D. A single host animal can be the source of bacteria for many tick larvae.
It doesn't strengthen our plan since bacteria could still proliferate if a single host can be source for many tick larvae. So we may not see much decrease in Lyme disease in humans.

E. None of the other species on which deer tick larvae feed harbor other bacteria that
ticks transmit to humans.

Out of scope.


Isn't answer B introducing a possibility which we should assume true of direct infection? Or are you saying that it introduces this but unlike the information it has given us about DT, it doesn't elaborate on how or what it does to the number of infected.

I think what might be confusing about answer B would be it would be correct if this was an assumption question, correct? But it is a strengthen question
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Re: Lyme disease is caused by a bacterium transmitted to humans by deer ti  [#permalink]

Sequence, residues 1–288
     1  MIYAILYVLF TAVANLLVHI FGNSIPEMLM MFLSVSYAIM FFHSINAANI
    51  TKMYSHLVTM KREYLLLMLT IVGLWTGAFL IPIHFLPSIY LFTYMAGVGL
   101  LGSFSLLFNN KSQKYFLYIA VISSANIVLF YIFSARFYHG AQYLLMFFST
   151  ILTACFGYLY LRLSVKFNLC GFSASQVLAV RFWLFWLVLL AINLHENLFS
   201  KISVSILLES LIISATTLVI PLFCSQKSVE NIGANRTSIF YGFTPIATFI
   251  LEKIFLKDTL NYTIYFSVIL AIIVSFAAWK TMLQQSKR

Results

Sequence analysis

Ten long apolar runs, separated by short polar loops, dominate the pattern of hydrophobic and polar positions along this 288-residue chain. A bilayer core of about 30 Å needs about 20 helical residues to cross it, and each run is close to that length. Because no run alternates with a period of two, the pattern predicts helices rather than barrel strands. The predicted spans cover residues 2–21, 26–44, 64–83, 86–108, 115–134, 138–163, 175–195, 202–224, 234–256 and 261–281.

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New post 24 Mar 2013, 19:54
manimgoindowndown wrote:

Isn't answer B introducing a possibility which we should assume true of direct infection? Or are you saying that it introduces this but unlike the information it has given us about DT, it doesn't elaborate on how or what it does to the number of infected.

I think what might be confusing about answer B would be it would be correct if this was an assumption question, correct? But it is a strengthen question


Actually, (B) is not even an assumption. It is out of scope and has nothing to do with our current argument. Even if 'infection by deer ticks' is just one of the ways of acquiring Lyme disease, if you decrease the number of infected deer ticks (by increasing population of other food sources), you will expect to decrease the number of infected humans. So whether there are other sources of Lyme disease infection, doesn't bother our argument at all.